Most Americans consume diets that do not meet the federal dietary recommendations. According to the CDC, only 9-12% of adults consume the daily recommended intake of fruits and vegetables. This low percentage can explain why the majority of the American diet is excessive in saturated fat, added sugar and sodium. A recent study published in the Journal of Consumer Research found that the major barrier to consumers when purchasing nutrient dense foods was dependent on the cost. Is the price of healthy food really that expensive? It is important to understand that we stop classifying food groups into two binary categories of “healthy” and “unhealthy” foods. Instead, look at food as a spectrum. Nutrient dense foods are items that we want to consume more in the diet in comparison to the less nutrient dense foods.
The environment you surround yourself in has a major influence on food selection. Therefore, what you decide to purchase at the grocery store is going to have an impact on your food choices. By selecting more nutrient dense food items, the greater chance people will consume adequate amounts of fruits and vegetables. Below are some tips on how to purchase more nutrient dense food sources without breaking the bank.
Tips on saving money
- Purchase Seasonal Produce
The price for fresh produce is dependent on the supply of the product. Certain produce is more readily available than others depending on the season in which it was harvested. Here is a great website to identify what produce is “in season”. It would be wise to plan meals around the specific vegetables that are currently in season.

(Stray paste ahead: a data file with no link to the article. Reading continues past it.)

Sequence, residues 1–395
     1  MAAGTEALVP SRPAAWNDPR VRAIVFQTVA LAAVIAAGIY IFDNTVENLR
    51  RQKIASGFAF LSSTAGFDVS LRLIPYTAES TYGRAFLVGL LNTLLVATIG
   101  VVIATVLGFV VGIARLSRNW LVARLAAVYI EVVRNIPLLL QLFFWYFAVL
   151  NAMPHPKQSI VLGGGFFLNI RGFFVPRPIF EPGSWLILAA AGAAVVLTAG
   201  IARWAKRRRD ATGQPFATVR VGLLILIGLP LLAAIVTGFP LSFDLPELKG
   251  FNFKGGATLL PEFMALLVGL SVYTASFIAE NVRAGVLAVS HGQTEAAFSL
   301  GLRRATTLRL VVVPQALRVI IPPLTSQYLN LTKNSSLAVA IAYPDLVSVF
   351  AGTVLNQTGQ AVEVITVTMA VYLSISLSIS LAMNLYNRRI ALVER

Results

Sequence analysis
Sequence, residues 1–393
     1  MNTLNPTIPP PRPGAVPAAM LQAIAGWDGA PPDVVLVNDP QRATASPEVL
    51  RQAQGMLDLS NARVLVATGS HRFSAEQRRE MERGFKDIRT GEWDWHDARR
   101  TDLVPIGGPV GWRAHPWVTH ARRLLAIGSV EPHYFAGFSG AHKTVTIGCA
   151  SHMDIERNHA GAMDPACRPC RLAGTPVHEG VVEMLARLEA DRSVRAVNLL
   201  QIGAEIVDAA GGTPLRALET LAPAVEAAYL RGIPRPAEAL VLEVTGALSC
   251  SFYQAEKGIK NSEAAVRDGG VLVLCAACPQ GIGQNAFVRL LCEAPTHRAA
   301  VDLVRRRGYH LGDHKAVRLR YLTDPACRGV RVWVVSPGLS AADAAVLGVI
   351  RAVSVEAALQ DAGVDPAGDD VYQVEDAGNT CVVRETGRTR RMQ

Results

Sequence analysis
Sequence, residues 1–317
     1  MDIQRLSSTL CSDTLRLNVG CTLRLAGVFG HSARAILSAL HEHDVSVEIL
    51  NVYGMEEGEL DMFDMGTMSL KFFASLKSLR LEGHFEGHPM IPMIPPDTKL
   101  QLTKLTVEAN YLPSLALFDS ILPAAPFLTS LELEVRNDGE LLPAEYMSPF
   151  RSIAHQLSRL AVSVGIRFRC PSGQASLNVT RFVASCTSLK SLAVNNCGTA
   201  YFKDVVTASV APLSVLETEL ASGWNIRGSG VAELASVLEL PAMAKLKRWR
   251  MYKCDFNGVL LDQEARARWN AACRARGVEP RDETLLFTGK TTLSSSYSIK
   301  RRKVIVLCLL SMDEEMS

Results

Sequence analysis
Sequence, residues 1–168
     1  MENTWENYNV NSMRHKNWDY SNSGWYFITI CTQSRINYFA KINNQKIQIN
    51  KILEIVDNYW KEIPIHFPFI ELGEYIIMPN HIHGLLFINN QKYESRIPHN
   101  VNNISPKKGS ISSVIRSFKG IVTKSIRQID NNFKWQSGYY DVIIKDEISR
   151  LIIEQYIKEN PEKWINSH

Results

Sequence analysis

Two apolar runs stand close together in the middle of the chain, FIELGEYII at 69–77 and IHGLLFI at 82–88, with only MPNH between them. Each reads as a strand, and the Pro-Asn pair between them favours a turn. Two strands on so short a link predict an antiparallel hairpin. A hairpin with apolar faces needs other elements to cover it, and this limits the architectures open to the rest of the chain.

2. You Don’t Have to Buy Organic
Organic produce is less processed and has fewer additives compared to non-organic produce. The USDA makes no claims that organic foods are safer, healthier or more nutritious than conventional foods. In addition, there is lack of evidence to suggest organic produce will provide additional health benefits long term.
3. Frozen Vegetables and Canned Goods
It can be frustrating when you find yourself throwing out fresh produce when it goes bad after a couple days of purchase. To help reduce the spoilage time and food waste, canned or frozen produce is a great alternative. In addition, there is only a small percentage of nutrients lost during this process. These food items are often less expensive than fresh produce and require little to no prep work.
4. Pre-Cut/Pre Portioned Vegetables
The produce that is already pre-packed requires additional labor that will increase the price of the produce. To save money, consider purchasing whole foods in its natural form then prep vegetables for consumption yourself. This will also help reduce your total expenses.
Hidden Expenses Coming from Labor costs
The U.S Bureau of Economic Analysis found that the average American eats out 5.9 times a week. Whether you’re swinging by your local coffee shop or having a family dinner at chili’s, we love to purchase food away from home. Yes it is convenient, and we don’t have to worry about cleaning the dirty dishes afterwards. However, we are spending money on labor costs that could have been avoided if a meal was prepared at home. The average meal prepared at home costs $4 in comparison to spending an average of $13 at a restaurant (and that is without including alcohol). Therefore, when it comes to saving money, cooking meals at home is going to be the best bang for your buck.
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